Home is where the heart is, but that heart may not stay healthy if you choose the wrong place to live.
“Where you live — the apartment or house, and the neighborhood itself — has a big impact on how healthy you are today and over time,” says Dr. Steven Woolf, director of the Center on Society and Health at Virginia Commonwealth University.
Many of us overlook these dangers when relocating. We choose to live in areas that have cheaper housing or better jobs. Or, we may move to be closer to family.
But when deciding where to live, it is easy to forget that your decision impacts:
- Where your child goes to school
- Whether you have access to healthy food
- Whether you have safe places to play or exercise
- Which jobs are available and how long it takes to get to work.
Environmental factors also may pose hazards. Many people live in regions that have high levels of fine particulate matter. This type of pollution results when liquid droplets in the air combine with dust, dirt, smoke or soot.
Research has shown that people who live in such particle-rich environments are more likely to suffer from an array of illnesses, including coronary heart disease, cancer, renal failure and cognitive decline.
Other environments also might contribute to illness and disease. For example:
- Residents of the Southwest U.S. are exposed to more ultraviolet light, which can put them at more risk of squamous cell carcinoma.
- People living near highly traveled roads may be more susceptible to developing rheumatoid arthritis and diabetes, according to some studies.
Even something as simple as an area’s cost of living can impact the health of your family, Woolf says.
“How much you pay on rent or a mortgage determines how much you have left to spend on things like food, child care and health care,” he says.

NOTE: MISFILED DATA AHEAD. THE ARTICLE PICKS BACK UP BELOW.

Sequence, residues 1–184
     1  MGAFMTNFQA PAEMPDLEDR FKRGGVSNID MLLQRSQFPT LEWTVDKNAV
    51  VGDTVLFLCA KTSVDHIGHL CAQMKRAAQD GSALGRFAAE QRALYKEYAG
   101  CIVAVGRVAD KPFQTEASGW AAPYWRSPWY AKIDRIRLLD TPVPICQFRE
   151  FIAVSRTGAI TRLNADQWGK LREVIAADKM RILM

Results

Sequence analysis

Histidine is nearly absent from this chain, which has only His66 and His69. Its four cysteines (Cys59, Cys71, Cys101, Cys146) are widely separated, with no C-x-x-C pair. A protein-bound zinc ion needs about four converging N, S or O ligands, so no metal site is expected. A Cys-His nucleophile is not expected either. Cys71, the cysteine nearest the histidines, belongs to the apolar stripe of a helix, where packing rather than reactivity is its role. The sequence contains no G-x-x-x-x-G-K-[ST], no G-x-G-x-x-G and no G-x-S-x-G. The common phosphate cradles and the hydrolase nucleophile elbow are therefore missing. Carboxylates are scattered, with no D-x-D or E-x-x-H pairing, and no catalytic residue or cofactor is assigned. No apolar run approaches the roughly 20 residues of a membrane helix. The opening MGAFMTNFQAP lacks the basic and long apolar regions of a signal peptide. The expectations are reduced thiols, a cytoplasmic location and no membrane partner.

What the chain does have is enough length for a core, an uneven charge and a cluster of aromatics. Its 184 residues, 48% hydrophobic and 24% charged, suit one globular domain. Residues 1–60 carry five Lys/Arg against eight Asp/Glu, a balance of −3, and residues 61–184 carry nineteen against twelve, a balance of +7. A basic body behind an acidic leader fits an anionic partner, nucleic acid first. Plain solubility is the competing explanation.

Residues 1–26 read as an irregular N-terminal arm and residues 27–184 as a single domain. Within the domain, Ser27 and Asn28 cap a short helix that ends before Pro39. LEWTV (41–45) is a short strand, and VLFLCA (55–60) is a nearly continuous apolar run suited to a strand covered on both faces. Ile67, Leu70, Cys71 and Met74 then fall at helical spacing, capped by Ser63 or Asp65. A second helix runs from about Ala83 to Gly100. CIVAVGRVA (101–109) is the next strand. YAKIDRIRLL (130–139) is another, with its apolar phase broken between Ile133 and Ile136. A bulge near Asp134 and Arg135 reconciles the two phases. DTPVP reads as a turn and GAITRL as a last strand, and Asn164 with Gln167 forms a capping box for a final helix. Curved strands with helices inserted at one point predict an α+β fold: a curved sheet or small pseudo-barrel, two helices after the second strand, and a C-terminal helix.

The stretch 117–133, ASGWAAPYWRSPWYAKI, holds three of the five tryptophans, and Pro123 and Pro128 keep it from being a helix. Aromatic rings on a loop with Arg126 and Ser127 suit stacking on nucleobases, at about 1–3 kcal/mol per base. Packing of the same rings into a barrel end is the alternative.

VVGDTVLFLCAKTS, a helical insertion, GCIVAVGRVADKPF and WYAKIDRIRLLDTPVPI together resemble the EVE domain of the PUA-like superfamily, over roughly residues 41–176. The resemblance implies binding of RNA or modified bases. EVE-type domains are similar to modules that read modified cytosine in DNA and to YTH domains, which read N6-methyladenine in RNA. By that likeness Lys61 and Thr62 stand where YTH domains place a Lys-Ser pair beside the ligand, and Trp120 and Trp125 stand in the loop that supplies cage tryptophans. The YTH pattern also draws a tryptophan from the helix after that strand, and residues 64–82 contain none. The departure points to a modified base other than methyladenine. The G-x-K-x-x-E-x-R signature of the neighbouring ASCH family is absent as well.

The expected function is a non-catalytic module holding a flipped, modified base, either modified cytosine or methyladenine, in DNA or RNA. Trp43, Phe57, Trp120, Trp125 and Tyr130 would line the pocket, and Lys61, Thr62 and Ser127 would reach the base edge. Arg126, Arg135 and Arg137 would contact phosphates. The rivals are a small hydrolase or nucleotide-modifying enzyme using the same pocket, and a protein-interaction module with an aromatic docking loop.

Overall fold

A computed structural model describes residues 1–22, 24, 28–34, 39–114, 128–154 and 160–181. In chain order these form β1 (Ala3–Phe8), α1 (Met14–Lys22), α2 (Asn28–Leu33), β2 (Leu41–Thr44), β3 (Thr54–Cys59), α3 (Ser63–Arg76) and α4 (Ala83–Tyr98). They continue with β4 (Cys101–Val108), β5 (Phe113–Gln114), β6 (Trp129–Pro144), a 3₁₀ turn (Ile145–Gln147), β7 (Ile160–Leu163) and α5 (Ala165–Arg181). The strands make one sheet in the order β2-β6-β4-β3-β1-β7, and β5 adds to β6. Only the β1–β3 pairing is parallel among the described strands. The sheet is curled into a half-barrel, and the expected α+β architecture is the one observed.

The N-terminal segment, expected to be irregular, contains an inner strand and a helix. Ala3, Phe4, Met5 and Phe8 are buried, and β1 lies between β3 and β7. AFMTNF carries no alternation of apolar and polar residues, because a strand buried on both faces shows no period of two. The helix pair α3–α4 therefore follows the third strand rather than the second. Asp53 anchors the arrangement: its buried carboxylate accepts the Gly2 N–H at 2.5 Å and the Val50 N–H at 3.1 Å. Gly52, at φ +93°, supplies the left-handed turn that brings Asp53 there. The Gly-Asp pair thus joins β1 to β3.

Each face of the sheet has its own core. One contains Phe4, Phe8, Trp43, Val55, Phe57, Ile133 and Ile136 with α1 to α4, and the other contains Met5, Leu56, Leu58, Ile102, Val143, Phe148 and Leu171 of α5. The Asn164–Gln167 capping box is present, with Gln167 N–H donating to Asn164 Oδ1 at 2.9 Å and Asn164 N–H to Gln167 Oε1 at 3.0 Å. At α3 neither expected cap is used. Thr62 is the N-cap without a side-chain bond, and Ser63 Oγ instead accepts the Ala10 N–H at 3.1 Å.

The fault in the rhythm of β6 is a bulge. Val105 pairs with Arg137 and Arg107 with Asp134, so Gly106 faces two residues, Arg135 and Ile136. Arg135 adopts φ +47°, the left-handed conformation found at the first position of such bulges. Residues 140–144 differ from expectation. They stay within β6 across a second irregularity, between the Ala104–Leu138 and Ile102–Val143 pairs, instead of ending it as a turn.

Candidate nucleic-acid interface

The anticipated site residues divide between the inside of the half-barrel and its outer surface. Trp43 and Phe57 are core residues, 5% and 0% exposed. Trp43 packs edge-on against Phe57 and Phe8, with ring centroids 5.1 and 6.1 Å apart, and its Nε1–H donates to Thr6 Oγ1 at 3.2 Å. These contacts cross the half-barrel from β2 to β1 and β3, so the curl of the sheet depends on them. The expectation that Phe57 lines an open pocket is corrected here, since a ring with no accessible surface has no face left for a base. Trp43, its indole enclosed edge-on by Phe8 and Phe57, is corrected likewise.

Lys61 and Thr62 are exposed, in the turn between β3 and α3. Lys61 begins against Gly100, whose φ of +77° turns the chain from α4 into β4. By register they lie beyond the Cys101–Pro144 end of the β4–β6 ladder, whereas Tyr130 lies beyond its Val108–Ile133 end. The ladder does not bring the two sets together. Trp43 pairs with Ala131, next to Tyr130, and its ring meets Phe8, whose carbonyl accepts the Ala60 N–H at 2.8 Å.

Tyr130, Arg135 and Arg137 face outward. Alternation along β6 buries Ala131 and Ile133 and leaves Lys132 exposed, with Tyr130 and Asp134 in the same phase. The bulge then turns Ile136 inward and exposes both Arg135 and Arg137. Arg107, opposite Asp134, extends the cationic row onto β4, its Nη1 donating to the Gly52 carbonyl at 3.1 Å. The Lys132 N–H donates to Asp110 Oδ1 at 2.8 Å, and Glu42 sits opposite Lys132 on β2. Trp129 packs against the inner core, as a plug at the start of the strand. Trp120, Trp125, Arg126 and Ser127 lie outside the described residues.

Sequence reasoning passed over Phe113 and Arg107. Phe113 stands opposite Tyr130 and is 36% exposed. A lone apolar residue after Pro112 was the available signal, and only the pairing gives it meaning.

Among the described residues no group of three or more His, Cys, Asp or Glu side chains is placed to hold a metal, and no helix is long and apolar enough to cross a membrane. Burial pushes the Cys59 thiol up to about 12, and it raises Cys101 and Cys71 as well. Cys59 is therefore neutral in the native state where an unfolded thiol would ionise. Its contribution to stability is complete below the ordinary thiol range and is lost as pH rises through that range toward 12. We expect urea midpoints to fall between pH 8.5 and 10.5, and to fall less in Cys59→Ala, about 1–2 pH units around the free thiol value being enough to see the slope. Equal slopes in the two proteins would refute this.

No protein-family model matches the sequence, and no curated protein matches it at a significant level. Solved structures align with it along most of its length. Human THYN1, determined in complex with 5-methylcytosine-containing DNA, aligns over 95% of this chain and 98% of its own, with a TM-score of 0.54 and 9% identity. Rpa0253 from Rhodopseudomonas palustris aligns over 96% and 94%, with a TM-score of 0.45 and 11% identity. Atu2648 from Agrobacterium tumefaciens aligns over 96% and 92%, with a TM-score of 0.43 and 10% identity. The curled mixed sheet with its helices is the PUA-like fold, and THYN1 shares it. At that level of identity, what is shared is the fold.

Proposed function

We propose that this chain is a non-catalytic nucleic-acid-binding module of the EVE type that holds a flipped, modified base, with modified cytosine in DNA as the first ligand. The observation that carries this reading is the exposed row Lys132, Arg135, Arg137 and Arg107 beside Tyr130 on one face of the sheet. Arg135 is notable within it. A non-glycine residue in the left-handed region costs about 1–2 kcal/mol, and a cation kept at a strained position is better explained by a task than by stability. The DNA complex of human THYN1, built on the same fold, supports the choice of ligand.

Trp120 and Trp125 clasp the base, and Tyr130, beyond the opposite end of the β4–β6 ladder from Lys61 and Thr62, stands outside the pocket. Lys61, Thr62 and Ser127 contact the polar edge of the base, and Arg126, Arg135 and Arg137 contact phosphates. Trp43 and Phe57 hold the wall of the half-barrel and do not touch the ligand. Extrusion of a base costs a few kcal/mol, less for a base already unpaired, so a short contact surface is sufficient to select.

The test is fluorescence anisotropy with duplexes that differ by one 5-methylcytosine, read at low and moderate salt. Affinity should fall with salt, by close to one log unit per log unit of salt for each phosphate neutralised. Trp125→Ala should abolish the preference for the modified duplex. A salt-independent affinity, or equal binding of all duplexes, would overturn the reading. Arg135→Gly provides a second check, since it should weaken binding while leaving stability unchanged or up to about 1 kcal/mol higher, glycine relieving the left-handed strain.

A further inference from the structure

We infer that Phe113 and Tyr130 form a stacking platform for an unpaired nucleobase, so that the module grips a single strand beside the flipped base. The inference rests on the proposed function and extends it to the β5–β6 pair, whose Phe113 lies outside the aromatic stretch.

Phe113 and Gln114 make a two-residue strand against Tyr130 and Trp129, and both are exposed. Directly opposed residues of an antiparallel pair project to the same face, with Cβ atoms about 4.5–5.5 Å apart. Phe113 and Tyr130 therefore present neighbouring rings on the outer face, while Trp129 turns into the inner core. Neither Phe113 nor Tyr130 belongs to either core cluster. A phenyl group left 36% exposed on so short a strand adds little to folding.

How to choose a great place to live
The takeaway message is to give serious thought to where you plan to live.
“To the extent they can, people should consider all of the benefits and opportunities — or challenges and limitations — that where they live provide,” he says.
Whenever possible, look for neighborhoods that are safe and affordable. Make sure you have access of high-quality schools and transit, and that the neighborhood has grocery stores with healthy food options. Choose a region with many job opportunities.
By contrast, avoid neighborhoods without parks and other services. Neighborhoods that have shabby houses and apartment complexes are relatively easy to spot.
“What’s less obvious are environmental hazards like pollution or mold, lack of reliable transportation that make it easy to get to work, jobs that pay well, or lack of affordable child care,” Woolf says. “All of these things matter for health.”
If job or family concerns require you to live in an area that poses risks to your health, try to make choices that will combat at least some of these threats, Woolf says.
“A person working three jobs to make ends meet or caring for children and elderly parents likely doesn’t have much bandwidth to think about regular exercise,” Woolf says. “But (he) may be able to live near public transit, which is linked to walking more.”
Another overlooked way to improve your health is to stay in school.
“Every year of extra education makes a difference because it affects how much you money you earn — which, in turn, determines where you can afford to live,” Woolf says. “Just knowing about all of these connections can help.”
Finally, remember that even if you cannot control where you live, you can choose healthful behaviors that will have a large impact on your health, Woolf says.
“Some behaviors — like not smoking — will have more impact on health than the environment where you live,” he says.